Festival of award-winning indie films marks FACINE’s 21st year
SAN FRANCISCO — A successful festival of award-winning independent films marked the 21st anniversary of the Filipino Arts and Cinema, International (FACINE) December 11 to 13 at the Roxie Theater.
FACINE also honored filmmaker Raymond Red with its Gintong Ani award. Red is a pioneer of Filipino experimental cinema and, in 2000, became the first Filipino to win a Palme d’Or at the prestigious Cannes Film Festival for his short film “Anino” (“Shadow”).
The West Bay Pilipino Multi-Service Center and Global Filipino Network co-presented the event, which was co-sponsored by the Philippine American Writers and Artists and the Philippine National Commission for Culture and the Arts.
Mauro Tumbocon, the founder and director of FACINE, has made it his mission for the last two decades to nurture the arts and build an audience for indie films in the Filipino community.
“Films are part of our cultural make-up and have the ability to empower Filipinos to learn more about themselves and be proud of their culture,” Tumbocon said. He has written extensively on Filipino cinema and, before moving from Manila to San Francisco, was a member of the Manunuri ng Pelikulang Pilipino, a leading film critics group. This year, he curated a diverse program that paid tribute to the Filipino cinema heritage and diaspora.
The festival began with Australian director Andrew Leavold’s 2013 documentary “Search for Weng Weng,” a homage to Filipino B movies. The late two-foot-nine actor Ernesto de la Cruz, nicknamed Weng Weng by his producers, became a sensation in the early 1980s as the star of campy action movies; but he faded into obscurity as the novelty of the miniature James Bond diminished.
The weekend program included “The Story of Mabuti,” starring renowned actor Nora Aunor. Shot in Ilocano with English subtitles, it’s the story of a Nueva Vizcaya medicine woman’s struggle to provide for her mother and four granddaughters until a twist of fate puts her in a moral dilemma. Director Maryo De Los Reyes’ contemplative “Bamboo Flowers,” recipient of the Audience Favorite award at the 2014 Silk Road International Film Festival in China, unravels the lives of people in Bohol, their dreams and disillusionments.
Four films among the collection of seven short works entitled “Lost Souls, Strange Times” deal with the challenges faced by Filipino immigrants seeking a better life in disparate parts of the world such as Robert Reyes Ang’s “TNT” set in New York and Therese Cayaba’s “Home” set in London.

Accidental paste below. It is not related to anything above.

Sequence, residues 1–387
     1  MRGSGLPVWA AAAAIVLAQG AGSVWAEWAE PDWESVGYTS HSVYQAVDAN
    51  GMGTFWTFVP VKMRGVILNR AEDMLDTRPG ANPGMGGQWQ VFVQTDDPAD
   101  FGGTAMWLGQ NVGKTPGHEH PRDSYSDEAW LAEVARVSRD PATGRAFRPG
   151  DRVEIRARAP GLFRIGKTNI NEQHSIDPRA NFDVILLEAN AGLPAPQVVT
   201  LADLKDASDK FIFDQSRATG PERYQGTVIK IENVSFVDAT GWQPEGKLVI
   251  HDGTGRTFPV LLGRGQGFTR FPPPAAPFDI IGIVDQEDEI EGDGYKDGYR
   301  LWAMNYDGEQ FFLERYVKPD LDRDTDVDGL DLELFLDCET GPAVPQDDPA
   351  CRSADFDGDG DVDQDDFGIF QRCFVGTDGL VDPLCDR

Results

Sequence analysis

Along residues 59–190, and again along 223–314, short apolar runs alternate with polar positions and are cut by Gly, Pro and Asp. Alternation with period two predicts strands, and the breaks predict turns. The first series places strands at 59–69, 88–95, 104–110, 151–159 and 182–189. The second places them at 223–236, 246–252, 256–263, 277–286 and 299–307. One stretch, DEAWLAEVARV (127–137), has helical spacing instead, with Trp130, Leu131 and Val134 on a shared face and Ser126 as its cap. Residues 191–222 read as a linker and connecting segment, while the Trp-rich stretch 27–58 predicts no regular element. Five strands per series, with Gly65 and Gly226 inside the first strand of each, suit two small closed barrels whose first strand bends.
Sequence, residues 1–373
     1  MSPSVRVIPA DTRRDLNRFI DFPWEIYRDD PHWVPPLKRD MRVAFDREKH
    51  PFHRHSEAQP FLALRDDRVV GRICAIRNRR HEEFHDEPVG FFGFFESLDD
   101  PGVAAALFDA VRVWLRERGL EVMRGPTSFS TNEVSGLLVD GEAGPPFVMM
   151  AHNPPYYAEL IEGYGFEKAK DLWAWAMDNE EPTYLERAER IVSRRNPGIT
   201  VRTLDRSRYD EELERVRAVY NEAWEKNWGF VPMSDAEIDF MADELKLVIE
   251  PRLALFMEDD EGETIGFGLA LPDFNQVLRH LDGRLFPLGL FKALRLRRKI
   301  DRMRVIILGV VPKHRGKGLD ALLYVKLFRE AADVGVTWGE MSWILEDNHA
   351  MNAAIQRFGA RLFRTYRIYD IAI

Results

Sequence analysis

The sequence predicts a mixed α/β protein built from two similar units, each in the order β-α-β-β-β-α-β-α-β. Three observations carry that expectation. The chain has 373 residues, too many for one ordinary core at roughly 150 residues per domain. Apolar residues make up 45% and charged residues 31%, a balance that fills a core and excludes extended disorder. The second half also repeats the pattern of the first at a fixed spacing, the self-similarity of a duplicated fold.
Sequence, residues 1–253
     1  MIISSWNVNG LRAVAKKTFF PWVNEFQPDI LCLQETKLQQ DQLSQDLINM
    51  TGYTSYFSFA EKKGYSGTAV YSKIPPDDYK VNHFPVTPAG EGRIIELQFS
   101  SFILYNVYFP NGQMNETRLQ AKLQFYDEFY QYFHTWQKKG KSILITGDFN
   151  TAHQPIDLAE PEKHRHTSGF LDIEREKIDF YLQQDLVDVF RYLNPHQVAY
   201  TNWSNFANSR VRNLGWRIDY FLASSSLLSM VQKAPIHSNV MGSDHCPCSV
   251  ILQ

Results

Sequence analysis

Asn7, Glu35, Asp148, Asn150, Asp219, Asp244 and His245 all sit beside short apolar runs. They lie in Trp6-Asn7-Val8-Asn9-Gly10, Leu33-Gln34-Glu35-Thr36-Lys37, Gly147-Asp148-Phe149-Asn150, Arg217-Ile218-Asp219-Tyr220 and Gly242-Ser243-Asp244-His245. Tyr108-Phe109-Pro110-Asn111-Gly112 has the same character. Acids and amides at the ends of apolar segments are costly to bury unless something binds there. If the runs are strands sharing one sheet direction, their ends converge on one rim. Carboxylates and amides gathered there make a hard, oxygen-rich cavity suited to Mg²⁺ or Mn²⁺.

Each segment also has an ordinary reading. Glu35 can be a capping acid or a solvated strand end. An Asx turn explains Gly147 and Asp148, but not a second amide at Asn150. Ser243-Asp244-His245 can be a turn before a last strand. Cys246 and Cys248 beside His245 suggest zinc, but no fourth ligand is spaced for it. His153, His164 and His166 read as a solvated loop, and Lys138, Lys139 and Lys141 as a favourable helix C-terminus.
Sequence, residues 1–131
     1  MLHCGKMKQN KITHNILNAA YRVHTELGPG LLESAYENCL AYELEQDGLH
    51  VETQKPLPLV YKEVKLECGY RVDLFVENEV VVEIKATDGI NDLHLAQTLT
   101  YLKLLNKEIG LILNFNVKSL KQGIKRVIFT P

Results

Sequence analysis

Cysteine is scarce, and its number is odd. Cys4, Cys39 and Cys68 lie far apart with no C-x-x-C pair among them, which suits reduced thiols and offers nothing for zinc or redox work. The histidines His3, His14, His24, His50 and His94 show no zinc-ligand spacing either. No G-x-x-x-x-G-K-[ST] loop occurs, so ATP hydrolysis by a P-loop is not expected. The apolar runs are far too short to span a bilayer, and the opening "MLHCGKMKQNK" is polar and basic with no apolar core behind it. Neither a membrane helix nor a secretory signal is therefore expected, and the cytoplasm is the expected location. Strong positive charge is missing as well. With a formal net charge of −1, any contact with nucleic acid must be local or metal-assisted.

FACINE’s decision to highlight the Philippine diaspora was prescient in view of President Obama’s recent Executive Order to prevent the deportation of five million undocumented immigrants.
Raymond Red’s award-winning entries carry the recursive theme of poverty and the Filipinos’ resolve to overcome it, because he wanted to underscore the turtle pace of the country’s march to progress.
Though his films tend to be perceived as dark because of the subject matter, he incorporates symbolisms to express a message of hope, such as the red banners of striking workers in “Himpapawid” (“Manila Skies”), which also played a role in the main character’s final act of desperation.
Also an indictment of societal contradictions, his 13-minute award-winning “Anino,” which he shot on 35mm film, pays tribute to a dying form in the advent of digital technology.
Red’s experimental “Kamera Obskura,” a film within a film, harkens back to the silent era, a call for viewers to remember cinema’s heritage. Closing the festival and bookending his father’s treatise on technology is Mikhail Red’s “Rekorder,” the story of a former cameraman who illegally pirates films in movie theaters until his camcorder inadvertently captures the footage of a crime, which goes viral. “Rekorder” won for the young Red the Best New Director award at the Toronto International Film Festival last October.
The three-day festival attracted manyof Filipino American youths. Araceli Tamayo-Lee, a San Francisco native who majored inpolitical economy and media arts at Evergreen State College in Olympia, Washington, raved about “Himpapawid.” Tamayo-Lee, an administrative specialist at the Tides Foundation, said, ”The storyline and cinematography were out of this world. I really couldn’t predict what the main character was going to do at any given moment.”
She hopes to see more of her peers at FACINE next year because she believes that the festival has the capacity to increase the visibility of the Filipino community and help young Filipino Americans to understand the history and culture of ordinary Filipinos.
Both Cannes awardee Red and Tumbocon have expressed the urgent need to increase interest in Filipino indie films, which are usually made outside of major studios and allow filmmakers to take artistic control.
Red said, “Alternative or independent cinema is more serious, progressive and contributes to the development of the art form. However, wider promotion and dissemination are required to educate future filmmakers and viewers.”
He has screened his films at Philippine schools and received enthusiastic feedback from students, showing the potential for setting up film appreciation classes at the high school level.
Tumbocon, the tireless volunteer cultural worker who works at a non-profit organization that provides services to individuals who were formerly homeless, echoes Red’s sentiment.
”Filipino indie films have been earning respect worldwide because of their artistry and bravery in dealing with issues relevant to the community. We need to build an audience for them because they don’t have the kind of money, resources and theatre distribution available to commercial films,” Tumbocon states.
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